Wyville-Thomson Ridge SAC: Blog #2
By Neil Golding
Blowing away those end of survey blues
After beating a retreat from another storm that was blowing across the exposed North Atlantic, we busied ourselves with working at some more sheltered contingency stations East of the Shetland Islands. It seems that you can’t hide forever though, and as the winds picked up, we sought more shelter inshore and sat out a bumpy (and for many of us, sleepless) night.
The following morning, while the southerly gales had died down, the residual swell meant slow progress as we steamed south.
Rough seas causing sleepless nights. © Neil Golding/JNCC 2017
It was fair to say that at this point, team morale was at a low ebb. The rough seas, the unsettled stomachs and the long shifts had taken their toll. But as a group of us were on the bridge after lunch looking at a group of pelagic mackerel trawlers, a cry rang out which lifted everyone’s spirits……"ORCA!"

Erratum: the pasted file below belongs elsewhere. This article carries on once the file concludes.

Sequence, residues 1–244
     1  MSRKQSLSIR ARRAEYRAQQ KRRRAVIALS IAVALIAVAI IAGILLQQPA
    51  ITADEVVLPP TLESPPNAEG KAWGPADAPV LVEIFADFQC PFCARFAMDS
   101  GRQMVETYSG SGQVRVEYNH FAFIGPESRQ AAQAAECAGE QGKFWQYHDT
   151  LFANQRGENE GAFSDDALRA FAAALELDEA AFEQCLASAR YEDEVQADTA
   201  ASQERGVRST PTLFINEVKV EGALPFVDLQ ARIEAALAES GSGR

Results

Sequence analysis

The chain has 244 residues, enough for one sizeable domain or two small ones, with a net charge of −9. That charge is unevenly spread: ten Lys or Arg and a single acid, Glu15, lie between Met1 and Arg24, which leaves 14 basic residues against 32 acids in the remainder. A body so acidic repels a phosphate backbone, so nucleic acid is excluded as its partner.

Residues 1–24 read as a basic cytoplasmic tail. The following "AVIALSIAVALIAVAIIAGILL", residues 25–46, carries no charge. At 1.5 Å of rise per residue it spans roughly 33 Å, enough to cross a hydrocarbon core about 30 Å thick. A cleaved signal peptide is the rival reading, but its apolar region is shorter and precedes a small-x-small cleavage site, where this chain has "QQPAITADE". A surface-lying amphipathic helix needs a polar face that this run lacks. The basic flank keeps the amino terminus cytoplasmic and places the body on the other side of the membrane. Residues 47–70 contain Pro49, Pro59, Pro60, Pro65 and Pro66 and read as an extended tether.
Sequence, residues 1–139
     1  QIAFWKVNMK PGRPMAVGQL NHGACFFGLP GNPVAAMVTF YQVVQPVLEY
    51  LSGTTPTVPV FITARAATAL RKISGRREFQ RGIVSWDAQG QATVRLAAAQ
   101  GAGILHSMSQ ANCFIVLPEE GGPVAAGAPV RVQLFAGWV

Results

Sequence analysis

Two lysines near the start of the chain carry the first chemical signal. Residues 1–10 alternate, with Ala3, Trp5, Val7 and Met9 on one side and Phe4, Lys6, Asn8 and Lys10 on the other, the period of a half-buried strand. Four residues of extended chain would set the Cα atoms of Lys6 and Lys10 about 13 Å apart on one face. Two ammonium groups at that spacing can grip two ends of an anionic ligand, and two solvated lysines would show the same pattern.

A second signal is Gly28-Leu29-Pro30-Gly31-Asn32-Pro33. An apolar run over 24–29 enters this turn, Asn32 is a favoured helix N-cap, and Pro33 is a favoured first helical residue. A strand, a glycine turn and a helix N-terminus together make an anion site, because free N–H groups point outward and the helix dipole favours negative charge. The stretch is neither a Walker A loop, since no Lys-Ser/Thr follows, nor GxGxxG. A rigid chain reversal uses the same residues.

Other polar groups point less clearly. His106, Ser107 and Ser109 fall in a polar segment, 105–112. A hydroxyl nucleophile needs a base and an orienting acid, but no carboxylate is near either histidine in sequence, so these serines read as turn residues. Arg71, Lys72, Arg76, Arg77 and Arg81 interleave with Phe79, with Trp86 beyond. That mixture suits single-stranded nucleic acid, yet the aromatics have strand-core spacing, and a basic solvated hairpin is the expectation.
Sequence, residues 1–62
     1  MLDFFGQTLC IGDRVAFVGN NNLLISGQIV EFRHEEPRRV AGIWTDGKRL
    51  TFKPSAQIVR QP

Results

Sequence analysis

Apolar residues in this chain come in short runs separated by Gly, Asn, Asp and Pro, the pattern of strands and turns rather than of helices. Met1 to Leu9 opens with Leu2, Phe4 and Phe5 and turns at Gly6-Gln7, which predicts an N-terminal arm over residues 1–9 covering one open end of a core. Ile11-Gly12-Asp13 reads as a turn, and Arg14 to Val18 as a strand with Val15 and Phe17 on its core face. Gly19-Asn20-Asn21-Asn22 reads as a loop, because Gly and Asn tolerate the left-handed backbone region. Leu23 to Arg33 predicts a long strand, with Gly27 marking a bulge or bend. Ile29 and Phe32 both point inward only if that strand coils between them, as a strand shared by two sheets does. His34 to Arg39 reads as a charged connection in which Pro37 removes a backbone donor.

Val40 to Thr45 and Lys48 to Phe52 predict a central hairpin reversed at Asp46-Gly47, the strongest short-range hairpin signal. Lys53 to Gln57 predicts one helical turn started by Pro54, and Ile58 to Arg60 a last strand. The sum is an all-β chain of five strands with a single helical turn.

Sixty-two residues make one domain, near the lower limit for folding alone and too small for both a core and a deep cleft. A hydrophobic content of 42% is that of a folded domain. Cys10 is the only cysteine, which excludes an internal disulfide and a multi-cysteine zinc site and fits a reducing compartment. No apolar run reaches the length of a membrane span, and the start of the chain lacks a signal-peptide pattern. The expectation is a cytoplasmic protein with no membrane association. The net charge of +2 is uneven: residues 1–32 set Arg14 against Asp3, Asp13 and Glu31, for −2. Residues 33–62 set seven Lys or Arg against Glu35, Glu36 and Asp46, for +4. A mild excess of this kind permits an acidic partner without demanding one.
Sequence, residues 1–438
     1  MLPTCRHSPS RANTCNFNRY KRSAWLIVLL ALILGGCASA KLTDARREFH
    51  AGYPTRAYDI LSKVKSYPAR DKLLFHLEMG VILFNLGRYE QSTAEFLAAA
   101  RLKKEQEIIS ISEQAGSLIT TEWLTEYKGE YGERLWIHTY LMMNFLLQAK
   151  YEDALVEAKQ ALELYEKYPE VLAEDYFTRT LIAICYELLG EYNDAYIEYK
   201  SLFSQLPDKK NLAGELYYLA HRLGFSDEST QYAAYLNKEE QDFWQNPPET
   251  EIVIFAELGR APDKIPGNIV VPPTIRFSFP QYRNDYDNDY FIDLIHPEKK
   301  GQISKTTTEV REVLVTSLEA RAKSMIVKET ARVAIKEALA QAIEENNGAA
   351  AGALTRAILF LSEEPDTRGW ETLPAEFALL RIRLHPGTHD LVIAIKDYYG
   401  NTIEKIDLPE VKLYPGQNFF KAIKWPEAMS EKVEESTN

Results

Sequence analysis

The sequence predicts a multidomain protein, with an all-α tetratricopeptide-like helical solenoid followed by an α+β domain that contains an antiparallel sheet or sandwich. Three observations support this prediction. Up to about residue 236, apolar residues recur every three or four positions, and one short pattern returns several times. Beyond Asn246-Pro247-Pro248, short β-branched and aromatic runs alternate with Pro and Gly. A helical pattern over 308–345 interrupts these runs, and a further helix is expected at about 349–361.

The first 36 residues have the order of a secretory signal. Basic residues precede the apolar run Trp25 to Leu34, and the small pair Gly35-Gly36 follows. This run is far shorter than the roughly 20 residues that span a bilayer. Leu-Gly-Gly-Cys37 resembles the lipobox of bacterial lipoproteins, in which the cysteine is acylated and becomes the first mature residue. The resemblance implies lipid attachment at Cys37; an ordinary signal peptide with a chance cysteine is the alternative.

One of the pelagic mackerel trawlers. © Neil Golding/JNCC 2017
A bull killer whale came across our bow while a much larger group crossed our wake. They were leaping clear of the water, as they made a beeline for the trawlers, probably excited at the thought of a nice meal awaiting them as the trawlers hauled their nets packed with fish.
First glimpse! © Neil Golding/JNCC 2017
A killer whale swimming alongside the Scotia. © Neil Golding/JNCC 2017
Breaching orca. © Neil Golding/JNCC 2017
It’s amazing how just a fleeting glimpse of some amazing cetaceans can really lift the spirits of the team. For many, it had been their first Orca sighting ever, and for others, their first in UK waters. We carried on the steam to our next survey location with a little spring in our steps, as we got on with our work.
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